Dustin Brown: Ride, Natty, Ride

Dustin Brown didn’t make it to the Wimbledon finals, but he still conquered Jamaican affections, on- and offline

Photography by lev radin / Shutterstock.com

The news came, as it often does these days, via Facebook. One after another, posts lit up my timeline, with a high proportion of Jamaican patwa. “That Jamaican just beat Nadal?!!!” asked one celebrated writer. Responses came fast and furious: “Baxiiide!!!!!!!!” “Brap! Brap!” “That totally hot Jamaican!” And the lyrics from a Bob Marley song quickly turned into a hashtag: “#RideNattyRide.”

The “totally hot Jamaican” who crashed the Internet in early July and sent double Wimbledon champion Rafael Nadal crashing out of this year’s tournament is, of course, Dustin Brown. Although he was actually born in Germany, the Rastaman who dusted the tenth-seeded Rafa was promptly claimed by Jamaicans at home and abroad on behalf of De Yardie Hempire, thanks to his Jamaican father. They went into rapture in the Twittersphere. Even Jamaica’s Minister of Youth and Culture, Lisa Hanna (a headliner herself, as Miss World in 1993), tweeted: “Ride Natty Ride & Mi Seh Guh Deh Dreddy Guh Deh!!!”

Or, as Carole Beckford, former publicist for Usain Bolt and now Jamaica’s Film Commissioner, expressed it in slightly more measured language, “It’s great that tennis is diversifying in the men’s category, and I’m proud of Dustin’s achievements. Defeating the world’s number ten is remarkable. I am also proud that he has Jamaican roots and his recent Wimbledon performance adds to positive publicity for Jamaica.”

That’s putting it mildly. In Britain, the media went wild over the six-foot-five-inch dreadlocked thirty-year-old. ‘‘Phwoar! Britain’s long hot summer of lust” was the headline on Polly Vernon’s piece in The Times of London. “He’s out of the tournament, but who cares,” she wrote. “Tennis is not my point. My point is that Brown sparked an epic, communal, countrywide crush. The women of Britain are united in our admiration of him.”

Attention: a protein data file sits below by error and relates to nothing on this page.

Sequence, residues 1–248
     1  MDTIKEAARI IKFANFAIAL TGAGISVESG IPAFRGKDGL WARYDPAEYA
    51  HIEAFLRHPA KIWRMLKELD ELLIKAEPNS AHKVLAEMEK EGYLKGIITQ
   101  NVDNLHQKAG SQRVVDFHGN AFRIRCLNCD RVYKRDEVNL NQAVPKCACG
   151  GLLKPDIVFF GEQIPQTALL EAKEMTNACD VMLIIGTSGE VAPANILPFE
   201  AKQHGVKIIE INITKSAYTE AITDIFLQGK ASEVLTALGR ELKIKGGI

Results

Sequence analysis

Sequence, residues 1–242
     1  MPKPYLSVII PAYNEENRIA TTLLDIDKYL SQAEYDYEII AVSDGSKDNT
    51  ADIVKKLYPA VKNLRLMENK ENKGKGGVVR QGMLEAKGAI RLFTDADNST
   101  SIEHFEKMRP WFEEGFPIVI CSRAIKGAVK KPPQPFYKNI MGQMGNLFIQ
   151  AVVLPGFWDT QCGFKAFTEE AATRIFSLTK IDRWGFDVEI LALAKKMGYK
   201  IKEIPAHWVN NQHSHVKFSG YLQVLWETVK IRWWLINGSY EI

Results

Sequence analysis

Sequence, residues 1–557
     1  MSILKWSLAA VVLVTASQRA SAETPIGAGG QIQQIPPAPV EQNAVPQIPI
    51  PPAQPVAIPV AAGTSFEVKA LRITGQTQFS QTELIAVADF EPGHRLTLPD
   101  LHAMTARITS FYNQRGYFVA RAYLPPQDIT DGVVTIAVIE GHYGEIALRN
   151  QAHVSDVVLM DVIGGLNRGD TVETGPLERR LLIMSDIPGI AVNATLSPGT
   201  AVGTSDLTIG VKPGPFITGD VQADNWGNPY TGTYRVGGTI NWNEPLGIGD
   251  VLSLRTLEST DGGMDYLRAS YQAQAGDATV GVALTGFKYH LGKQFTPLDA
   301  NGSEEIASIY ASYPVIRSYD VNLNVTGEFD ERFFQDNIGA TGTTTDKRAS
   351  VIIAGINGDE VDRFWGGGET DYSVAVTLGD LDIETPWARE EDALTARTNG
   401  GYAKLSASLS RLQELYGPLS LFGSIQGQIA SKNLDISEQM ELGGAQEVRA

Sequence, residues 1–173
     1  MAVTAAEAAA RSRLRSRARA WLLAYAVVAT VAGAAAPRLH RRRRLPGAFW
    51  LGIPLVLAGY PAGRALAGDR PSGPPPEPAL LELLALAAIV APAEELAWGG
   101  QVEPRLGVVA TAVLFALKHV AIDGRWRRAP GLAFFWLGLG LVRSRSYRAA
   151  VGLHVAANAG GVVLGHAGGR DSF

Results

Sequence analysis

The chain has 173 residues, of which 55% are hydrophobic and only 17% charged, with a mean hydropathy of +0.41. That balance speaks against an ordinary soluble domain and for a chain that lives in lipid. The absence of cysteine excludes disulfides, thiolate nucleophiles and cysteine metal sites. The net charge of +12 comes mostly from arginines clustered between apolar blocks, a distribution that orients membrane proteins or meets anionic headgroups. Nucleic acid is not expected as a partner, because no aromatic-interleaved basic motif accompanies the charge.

And they aren’t alone. Brown’s Instagram account now has seventy thousand followers. The Day After, as it will always be known, in Brown’s mind at least, he posted on his Facebook account: THX 2 ALL THE MESSAGES & COMMENTS & LIKES FROM EVERY1 . . . MEANS THE WORLD TO ME!!!! # TEAMDREDDY

The hundreds of comments in response included: “Look out for a very excited fan with a Jamaican shirt on Court 3 tomorrow! Whatever happens tomorrow, we’re all so proud of you, your achievements and the way you carry yourself as a professional. Vamos Dreddy!” One punter, who had taken the big odds on him against Nadal, even thanked him for the money he had won. Another asked if he was the son of Dennis Brown, the late reggae singer, perhaps unaware of just how many Browns there are in Jamaica.

In 1996, as an eleven-year-old, Brown moved from Germany to Jamaica’s second city, Montego Bay, with his parents, and he became a fixture on the junior tennis circuit. He even represented Jamaica in the Davis Cup. Unfortunately, the Jamaica Tennis Association did not give him the support he needed for an international career, and he returned to Germany in 2004 (he has dual citizenship). His years spent “touring” Europe in a Volkswagen camper van, competing at low-level tournaments, and earning money on the side by stringing rackets for other competitors (he had a stringing machine in the van), honed his survival skills. So although Brown lost in the next Wimbledon round to Serbian Vikto Troiki, his story is far from over. You ain’t seen the last of this bona fide Rastaman.